New Ken Burns Documentary Poses Risk to Those with PTSD, Depression

Sometimes, a film is just too effective.


                                          And sometimes…not.

In the case of Ken Burns’ new documentary about the Vietnam War, mental health professionals are warning that the film may actually be too effective at what it does. In other words, viewing the film may seriously trigger post-traumatic stress disorder (PTSD) and depression for veterans who struggle with these issues (and even for those who aren’t yet aware they do). In fact, US Department of Veterans Affairs (VA) is bracing for an increase of treatment requests in the wake of the film’s airing.


Filmmaker Ken Burns has made a name for himself with his epic, beautifully produced documentaries about subjects such as the American Civil War, the sport of baseball, U.S. National Parks, and the origins and impact of jazz music. Burns’ latest project saw him pair up with filmmaker Lynn Novice to take an intense look at the Vietnam War.

The resulting film–a 10-part documentary which will air on PBS stations across America for the next two weeks–is already being hailed as incredibly moving…but it might be a little too moving for those who lived through it, namely veterans who struggle every day with depression and PTSD. Mental health professionals at the VA are preparing for an influx of need from veterans following the film’s debut.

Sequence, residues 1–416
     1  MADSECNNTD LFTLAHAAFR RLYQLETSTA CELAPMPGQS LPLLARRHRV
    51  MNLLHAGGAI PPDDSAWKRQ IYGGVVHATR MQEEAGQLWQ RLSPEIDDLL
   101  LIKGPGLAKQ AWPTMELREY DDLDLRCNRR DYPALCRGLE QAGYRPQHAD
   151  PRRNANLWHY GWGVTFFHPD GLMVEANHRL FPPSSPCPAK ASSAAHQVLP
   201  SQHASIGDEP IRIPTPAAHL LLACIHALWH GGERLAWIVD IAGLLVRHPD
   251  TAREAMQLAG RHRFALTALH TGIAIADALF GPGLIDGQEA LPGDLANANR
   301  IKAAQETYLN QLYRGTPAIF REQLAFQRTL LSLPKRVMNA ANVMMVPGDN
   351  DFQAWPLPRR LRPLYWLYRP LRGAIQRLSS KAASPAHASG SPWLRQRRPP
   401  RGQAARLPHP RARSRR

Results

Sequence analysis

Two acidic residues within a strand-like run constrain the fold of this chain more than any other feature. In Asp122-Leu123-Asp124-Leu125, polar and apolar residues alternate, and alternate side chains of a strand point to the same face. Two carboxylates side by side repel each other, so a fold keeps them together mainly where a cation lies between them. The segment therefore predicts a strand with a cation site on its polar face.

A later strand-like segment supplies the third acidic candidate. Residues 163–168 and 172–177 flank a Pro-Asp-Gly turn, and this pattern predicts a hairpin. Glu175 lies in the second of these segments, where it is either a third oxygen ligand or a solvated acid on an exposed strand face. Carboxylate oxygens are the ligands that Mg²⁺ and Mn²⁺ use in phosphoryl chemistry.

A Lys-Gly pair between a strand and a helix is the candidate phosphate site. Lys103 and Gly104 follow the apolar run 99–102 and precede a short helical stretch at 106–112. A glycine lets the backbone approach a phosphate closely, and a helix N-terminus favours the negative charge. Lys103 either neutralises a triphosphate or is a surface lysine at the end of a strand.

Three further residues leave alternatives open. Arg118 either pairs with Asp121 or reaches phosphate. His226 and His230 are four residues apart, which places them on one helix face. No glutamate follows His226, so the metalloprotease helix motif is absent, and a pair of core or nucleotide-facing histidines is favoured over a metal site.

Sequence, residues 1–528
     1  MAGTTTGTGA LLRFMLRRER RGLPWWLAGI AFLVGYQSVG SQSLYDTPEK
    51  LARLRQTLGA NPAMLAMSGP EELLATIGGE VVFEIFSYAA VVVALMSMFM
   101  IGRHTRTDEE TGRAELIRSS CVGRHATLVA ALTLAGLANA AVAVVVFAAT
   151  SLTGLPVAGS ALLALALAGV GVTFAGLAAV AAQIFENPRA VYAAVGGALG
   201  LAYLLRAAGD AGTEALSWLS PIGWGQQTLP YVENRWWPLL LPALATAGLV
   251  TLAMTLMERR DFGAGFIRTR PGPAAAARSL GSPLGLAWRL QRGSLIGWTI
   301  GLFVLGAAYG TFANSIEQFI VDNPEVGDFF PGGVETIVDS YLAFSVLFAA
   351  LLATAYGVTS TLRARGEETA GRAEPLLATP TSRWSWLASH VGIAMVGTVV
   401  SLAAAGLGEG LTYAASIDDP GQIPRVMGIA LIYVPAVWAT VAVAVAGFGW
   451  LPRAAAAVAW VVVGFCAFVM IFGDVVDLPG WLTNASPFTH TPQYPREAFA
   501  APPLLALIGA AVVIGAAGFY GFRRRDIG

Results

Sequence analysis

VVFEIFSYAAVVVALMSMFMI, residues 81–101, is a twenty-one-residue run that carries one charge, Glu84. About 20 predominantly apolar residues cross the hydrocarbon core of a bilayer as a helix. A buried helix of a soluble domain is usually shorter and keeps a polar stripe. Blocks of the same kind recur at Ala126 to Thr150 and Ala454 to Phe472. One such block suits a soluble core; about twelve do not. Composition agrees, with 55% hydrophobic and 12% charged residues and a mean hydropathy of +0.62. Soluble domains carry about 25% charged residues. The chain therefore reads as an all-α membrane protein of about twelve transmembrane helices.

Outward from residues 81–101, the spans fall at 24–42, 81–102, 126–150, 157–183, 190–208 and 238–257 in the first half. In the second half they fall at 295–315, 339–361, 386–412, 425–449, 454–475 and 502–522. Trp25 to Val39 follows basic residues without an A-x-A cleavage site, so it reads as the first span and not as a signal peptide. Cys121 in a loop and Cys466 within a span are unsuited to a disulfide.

“I would say that majority of the veterans I work with – they try – when their symptoms are high, they’re actively avoiding any media,” says VA staff psychologist Tina Mayes in an interview with NPR.


The VA has seen this sort of situation before; they’ve made high-profile offerings of help surrounding the release of other war-themed films such as Saving Private Ryan. One particular issue among veterans is that they might been “obligated” to watch the documentary, and if that is the case, experts suggest that they at least not watch the film alone. The effects of PTSD have life-long impact, especially for veterans of the Vietnam War, who were met with hostility and indifference upon returning to the U.S., a homecoming that experts say further exacerbated the typical damage of PTSD.

Burns’ Vietnam documentary has already begun to air on PBS stations across the U.S., and select episodes are now available online.

The Veterans Crisis Line is available 24/7 at 1-800-273-8255. Or you can chat online at any time.


All content on Art With Impact is available to all, free of charge and without ads. If articles like this are valuable to you, please consider supporting Art With Impact.
This matters!